A recent agreement between striking farmworkers and big agribusiness in Baja California could be the “most significant achievement by a farm labor movement in recent Mexican history,” reports Richard Marosi in the Los Angeles Times.
Among the settlement details, daily wages for workers will go up by as much as 50 percent and workers will receive the required government benefits often denied by their employers. Marosi reports:
“This is a watershed moment,” said Sara Lara, a farm labor researcher at the National Autonomous University of Mexico. In decades of studying farm issues, Lara said she has never seen agribusinesses buckle to labor demands for increased wages.
“It’s incredible,” Lara said. “It changes the paradigm and creates a new precedent in the labor movement.“
The agreement, reached late Thursday (June 4) after a six-hour negotiating session, calls for a three-tiered compensation system. Large farms will pay workers 180 pesos per day (about $11.50); medium farms, 165 pesos (roughly $10.50); small farms; 150 pesos (approximately $9.50). Since most work at large agribusinesses, the raises are about $4 per day more for many of the estimated 30,000 workers in the San Quintin region.
The deal also guarantees workers’ rights to social security benefits and overtime pay, requires the government to improve infrastructure and allows for worker oversight of farm inspections by labor officials.
Marosi talked to experts who said the worker victory stems from a combination of events, including advocates’ ability to organize large protests on a regular basis and consistently attract international media attention. Organizers also credited the Los Angeles Times’ investigation into working conditions in Baja California, titled “Product of Mexico.” Still, Marosi reports that the agreement is receiving some mixed reviews:
Despite the landmark achievement, many laborers reacted somberly to the agreement. Weary after three months of protests, they considered the gains meager given how much they sacrificed.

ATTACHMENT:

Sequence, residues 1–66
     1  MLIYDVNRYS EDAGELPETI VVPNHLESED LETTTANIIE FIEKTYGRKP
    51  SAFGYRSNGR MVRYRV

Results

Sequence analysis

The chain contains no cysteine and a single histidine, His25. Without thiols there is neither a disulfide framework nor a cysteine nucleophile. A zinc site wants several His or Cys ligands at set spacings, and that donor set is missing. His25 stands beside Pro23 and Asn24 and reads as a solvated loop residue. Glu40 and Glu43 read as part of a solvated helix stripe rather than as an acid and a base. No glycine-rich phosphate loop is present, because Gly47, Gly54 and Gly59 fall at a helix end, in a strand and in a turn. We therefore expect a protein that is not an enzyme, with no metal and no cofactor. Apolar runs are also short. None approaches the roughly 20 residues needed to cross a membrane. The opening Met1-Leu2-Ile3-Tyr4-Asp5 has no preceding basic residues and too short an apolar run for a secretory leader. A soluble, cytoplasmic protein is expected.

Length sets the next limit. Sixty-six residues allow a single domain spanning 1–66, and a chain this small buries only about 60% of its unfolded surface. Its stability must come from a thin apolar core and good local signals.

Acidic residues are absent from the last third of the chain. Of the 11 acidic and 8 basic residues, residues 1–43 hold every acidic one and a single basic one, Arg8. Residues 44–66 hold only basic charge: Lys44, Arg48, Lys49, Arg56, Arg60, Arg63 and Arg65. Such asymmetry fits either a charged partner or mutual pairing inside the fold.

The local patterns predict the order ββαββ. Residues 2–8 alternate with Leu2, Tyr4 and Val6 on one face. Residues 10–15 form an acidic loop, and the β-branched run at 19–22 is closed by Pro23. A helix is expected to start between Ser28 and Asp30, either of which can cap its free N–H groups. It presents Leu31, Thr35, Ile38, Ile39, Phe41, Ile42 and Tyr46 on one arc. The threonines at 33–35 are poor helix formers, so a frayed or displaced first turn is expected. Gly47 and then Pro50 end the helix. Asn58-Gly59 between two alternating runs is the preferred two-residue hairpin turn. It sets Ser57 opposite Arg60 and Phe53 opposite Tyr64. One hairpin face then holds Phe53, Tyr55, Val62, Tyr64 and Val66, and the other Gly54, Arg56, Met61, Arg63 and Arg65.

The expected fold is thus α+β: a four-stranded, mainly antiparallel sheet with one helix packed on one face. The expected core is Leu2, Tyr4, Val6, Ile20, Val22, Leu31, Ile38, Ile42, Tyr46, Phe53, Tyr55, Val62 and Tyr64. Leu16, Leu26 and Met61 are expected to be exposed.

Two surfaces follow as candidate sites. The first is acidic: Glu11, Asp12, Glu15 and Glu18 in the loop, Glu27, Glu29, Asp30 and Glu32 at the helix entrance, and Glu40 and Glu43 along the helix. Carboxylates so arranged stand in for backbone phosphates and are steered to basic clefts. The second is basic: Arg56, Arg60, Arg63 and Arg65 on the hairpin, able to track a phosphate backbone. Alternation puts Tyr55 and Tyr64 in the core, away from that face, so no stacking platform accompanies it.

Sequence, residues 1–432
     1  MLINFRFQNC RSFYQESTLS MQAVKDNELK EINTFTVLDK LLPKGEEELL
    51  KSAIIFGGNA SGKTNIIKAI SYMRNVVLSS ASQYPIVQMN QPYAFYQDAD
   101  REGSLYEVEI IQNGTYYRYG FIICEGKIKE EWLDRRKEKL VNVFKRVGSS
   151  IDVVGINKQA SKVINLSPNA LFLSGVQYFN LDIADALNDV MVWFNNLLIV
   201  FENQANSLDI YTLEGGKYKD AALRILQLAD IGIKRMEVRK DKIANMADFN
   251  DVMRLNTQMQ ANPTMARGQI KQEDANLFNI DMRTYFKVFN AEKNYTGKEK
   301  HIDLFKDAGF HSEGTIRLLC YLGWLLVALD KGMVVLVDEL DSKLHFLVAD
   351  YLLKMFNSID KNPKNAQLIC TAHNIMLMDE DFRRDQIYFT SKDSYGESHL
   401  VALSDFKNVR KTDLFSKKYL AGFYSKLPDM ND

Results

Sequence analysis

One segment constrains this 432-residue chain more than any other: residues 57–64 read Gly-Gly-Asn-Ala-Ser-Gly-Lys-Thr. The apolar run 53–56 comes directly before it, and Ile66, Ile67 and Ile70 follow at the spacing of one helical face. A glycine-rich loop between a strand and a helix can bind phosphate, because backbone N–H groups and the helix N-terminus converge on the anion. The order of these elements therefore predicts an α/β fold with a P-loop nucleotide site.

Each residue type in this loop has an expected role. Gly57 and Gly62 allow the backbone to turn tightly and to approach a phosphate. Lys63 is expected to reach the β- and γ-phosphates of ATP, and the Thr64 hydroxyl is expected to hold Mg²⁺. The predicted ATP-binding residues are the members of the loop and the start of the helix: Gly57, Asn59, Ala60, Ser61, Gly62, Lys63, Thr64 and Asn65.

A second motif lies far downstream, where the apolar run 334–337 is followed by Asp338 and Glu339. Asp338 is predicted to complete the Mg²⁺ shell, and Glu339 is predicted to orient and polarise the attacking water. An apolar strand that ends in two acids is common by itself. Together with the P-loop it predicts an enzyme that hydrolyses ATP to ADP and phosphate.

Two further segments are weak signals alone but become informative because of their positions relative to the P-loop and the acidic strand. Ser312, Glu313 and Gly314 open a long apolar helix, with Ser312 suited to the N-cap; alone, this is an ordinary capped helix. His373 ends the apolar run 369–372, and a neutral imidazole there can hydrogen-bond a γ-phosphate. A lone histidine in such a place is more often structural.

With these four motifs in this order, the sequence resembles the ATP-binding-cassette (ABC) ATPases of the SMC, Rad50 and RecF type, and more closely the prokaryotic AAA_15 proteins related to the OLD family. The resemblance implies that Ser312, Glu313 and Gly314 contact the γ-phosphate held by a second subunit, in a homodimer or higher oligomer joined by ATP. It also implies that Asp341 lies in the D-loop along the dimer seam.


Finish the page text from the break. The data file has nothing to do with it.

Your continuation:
“After all these days without eating, without bathing, leaving kids at home and forgoing work, and this is all we get?” said Matilde Hernandez, a 47-year-old mother of three, referring to the $4 raise. “We’re fighting for crumbs.”
Some took a pragmatic attitude, saying that over the long term things would continue to improve. “We’re advancing little by little,” said Margarita Gabriel, who said her wages would go up $3.
To read the full article, visit the Los Angeles Times. The newspaper’s editorial board wrote about the worker victory as well, noting that the agreement is not legally binding and plenty could still go wrong for workers.
In other news:
Buzzfeed: Cora Lewis reports that labor advocates plan to use a possible wage hike for fast food workers in New York as a springboard for similar changes in cities across the country. On Monday, fast food workers testified before a newly created New York state wage board, telling their personal stories of living on fast food wages and calling on policymakers to raise their pay to $15 an hour. Lewis reports that like New York, governors in a number of states, including California, Massachusetts, New Jersey and Wisconsin, have the power to raise minimum wages without approval from the legislature. She writes: “At a Fight for 15 convention in Detroit last weekend, Service Employees International Union President Mary Kay Henry said the union will push for wage boards around the country, noting that there is an ‘increased consciousness around wages’ since the Fight for 15 movement gained momentum.”